This reissue offers seventy-five minutes of material that was originally recorded between 1976 and 1981. The first half dozen tracks are from Side By Side
, a live session with Richie Cole and Phil Woods at The Historic Paramount Theater in Denver. The other half dozen tracks are from several of Richie Cole's Muse albums: Alto Madness
, Some Things Speak For Themselves
, New York Afternoon
, and Alive!
Woods' lighter, bouncier tone is quite distinct from Cole's more forceful and direct sound; of course, the fact that they come to you through the right and left channels helps maintain an automatic, distinctive appreciation. They're backed by pianist John Hicks, bassist Walter Booker and drummer Jimmy Cobb. Eddie "Lockjaw" Davis guests on "Save Your Love For Me," and takes the first solo in his inimitable fashion, with a gruffness all his own. That tune and "Eddie's Mood" take on the characteristics of an enjoyable blues bar band, with a relaxed atmosphere that the live theater audience certainly enjoyed.
Elsewhere, the duo show their allegiance to Bird with familiar, fast-moving lines that allow for individual solos and creative interplay. Cole is featured on "Polka Dots and Moonbeams" with the rhythm section providing appropriate ballad background; his lyrical voice is "as good as it gets." The duo session finishes with a medley of "Eddie's Mood" and Harry Woods' "Side By Side," which also serves to show the individual lyricism, this time from Cole, Woods, and pianist Hicks.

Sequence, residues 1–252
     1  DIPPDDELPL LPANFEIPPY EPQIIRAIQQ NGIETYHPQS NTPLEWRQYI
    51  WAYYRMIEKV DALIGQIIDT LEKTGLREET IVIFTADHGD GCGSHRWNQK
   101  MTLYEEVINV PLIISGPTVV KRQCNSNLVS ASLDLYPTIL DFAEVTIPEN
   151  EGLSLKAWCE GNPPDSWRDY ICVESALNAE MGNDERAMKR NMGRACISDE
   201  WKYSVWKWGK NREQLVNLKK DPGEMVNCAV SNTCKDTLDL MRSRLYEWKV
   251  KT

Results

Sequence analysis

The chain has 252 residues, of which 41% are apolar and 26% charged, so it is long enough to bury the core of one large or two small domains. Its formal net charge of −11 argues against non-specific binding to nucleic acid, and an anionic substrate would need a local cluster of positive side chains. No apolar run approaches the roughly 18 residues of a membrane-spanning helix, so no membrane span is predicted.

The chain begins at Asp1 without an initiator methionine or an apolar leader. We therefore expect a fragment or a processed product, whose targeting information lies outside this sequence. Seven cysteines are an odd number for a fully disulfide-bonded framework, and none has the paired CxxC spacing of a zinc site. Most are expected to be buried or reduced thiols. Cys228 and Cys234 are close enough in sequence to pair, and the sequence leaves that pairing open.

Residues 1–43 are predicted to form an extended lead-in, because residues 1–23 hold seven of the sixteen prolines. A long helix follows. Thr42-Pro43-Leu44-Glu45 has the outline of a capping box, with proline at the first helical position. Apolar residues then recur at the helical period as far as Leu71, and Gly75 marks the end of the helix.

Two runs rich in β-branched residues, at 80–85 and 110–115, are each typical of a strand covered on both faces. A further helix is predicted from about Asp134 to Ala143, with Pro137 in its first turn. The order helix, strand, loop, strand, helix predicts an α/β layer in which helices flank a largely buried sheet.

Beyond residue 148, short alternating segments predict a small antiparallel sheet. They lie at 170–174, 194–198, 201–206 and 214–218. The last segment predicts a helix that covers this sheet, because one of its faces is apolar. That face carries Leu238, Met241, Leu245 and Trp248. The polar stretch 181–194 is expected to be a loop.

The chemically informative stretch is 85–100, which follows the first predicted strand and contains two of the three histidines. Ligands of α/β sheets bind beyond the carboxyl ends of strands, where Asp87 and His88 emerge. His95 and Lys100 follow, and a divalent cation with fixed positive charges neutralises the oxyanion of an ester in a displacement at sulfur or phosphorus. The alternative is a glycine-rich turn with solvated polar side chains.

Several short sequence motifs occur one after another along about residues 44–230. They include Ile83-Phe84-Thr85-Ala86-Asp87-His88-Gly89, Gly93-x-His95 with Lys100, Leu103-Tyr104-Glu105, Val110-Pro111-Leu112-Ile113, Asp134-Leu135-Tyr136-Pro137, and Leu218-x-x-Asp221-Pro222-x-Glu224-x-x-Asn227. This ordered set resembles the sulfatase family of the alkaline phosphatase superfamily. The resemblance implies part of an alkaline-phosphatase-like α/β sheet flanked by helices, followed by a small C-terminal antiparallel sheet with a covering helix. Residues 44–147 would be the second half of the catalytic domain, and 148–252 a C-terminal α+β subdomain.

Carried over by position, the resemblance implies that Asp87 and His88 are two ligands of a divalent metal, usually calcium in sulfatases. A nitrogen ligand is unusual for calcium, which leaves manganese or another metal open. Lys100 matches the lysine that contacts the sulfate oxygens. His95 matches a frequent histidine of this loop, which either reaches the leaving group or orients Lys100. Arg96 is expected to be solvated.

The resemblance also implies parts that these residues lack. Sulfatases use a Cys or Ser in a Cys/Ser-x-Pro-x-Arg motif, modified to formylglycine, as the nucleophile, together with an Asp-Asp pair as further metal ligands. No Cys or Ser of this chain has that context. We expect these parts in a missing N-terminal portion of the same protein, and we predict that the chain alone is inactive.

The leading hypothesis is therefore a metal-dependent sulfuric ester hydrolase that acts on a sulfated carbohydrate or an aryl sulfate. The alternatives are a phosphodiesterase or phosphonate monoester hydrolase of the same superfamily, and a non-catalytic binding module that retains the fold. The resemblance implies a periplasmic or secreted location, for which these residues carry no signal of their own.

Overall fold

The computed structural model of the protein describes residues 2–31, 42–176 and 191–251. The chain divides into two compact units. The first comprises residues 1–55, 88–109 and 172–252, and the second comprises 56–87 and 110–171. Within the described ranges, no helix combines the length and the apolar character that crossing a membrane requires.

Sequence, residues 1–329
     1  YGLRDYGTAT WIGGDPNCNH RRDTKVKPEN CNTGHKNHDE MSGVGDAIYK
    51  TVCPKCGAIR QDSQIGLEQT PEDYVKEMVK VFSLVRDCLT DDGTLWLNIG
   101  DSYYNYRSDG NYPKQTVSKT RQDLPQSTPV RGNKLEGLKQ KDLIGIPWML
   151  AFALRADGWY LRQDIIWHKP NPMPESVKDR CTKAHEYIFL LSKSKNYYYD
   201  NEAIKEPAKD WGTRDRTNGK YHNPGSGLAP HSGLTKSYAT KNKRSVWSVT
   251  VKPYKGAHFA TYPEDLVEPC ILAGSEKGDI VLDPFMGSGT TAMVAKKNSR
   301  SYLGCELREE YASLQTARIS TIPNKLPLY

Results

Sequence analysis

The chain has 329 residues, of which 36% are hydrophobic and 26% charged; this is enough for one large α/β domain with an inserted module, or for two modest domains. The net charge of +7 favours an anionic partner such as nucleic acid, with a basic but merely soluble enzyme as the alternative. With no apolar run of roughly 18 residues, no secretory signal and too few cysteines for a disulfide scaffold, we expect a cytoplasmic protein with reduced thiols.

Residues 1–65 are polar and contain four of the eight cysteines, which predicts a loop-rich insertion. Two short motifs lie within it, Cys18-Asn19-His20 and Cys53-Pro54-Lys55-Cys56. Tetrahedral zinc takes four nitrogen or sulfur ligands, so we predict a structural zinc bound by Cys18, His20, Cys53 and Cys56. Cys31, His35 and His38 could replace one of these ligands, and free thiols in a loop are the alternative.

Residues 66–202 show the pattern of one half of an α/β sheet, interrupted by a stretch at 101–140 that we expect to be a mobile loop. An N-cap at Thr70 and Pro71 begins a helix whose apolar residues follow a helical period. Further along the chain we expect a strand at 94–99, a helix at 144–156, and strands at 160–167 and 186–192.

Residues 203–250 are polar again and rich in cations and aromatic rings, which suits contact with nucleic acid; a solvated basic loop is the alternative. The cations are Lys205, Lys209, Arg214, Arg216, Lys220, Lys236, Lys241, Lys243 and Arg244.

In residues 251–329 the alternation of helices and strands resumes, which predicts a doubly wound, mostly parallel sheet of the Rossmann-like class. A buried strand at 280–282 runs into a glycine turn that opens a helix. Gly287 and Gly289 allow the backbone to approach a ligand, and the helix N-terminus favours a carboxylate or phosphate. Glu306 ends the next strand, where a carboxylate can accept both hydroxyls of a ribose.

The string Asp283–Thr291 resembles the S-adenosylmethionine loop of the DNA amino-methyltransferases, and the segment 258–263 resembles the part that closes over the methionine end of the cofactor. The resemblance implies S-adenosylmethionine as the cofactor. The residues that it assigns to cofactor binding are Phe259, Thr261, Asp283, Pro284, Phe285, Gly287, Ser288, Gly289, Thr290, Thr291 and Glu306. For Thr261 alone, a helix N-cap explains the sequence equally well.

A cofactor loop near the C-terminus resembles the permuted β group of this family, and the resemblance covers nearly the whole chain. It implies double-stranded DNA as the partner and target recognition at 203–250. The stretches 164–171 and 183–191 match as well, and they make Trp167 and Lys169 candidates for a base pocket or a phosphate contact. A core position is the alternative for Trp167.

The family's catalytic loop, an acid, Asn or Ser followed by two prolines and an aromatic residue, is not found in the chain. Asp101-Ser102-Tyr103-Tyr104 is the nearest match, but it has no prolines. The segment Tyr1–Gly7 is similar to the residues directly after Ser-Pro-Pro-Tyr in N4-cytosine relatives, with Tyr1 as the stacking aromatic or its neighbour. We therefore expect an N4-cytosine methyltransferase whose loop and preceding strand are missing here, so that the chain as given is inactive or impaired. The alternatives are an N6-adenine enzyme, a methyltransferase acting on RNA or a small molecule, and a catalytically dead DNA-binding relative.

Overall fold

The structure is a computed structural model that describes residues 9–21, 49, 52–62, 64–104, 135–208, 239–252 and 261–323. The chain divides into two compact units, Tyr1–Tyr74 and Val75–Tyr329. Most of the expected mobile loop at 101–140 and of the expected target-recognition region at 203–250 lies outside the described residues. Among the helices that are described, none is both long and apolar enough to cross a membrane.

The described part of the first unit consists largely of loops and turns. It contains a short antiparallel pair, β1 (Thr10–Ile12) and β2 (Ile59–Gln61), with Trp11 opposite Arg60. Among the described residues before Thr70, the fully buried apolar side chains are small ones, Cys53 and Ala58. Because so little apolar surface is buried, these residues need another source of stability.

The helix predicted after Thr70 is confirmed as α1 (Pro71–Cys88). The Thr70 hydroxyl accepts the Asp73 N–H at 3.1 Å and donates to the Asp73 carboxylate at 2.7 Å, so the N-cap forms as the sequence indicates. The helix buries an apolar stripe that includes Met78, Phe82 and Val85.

The selections culled from four of Cole's Muse albums are, for the most part, live small ensemble dates with different personnel. Pianists include Bobby Enriquez, Harold Mabern, Smith Dobson and Mickey Tucker. Enriquez stands out on the lush "Body and Soul." Likewise, Tucker's big acoustic grand sound adds a dimension to "Stormy Weather." Tadd Dameron's "Lady Bird" and the ultra-fast "Cherokee" display Cole's highly energetic sparkle; "Lady Bird" also features guitarist Bruce Forman and pianist Dobson in finger-burning fashion. Eddie Jefferson sings happy lyrics to "The Common Touch" along with the leader's unique alto sax. Richie Cole fills most of his work with quotes that are at times amusing, but the emphasis is on his powerful sound and superb technique.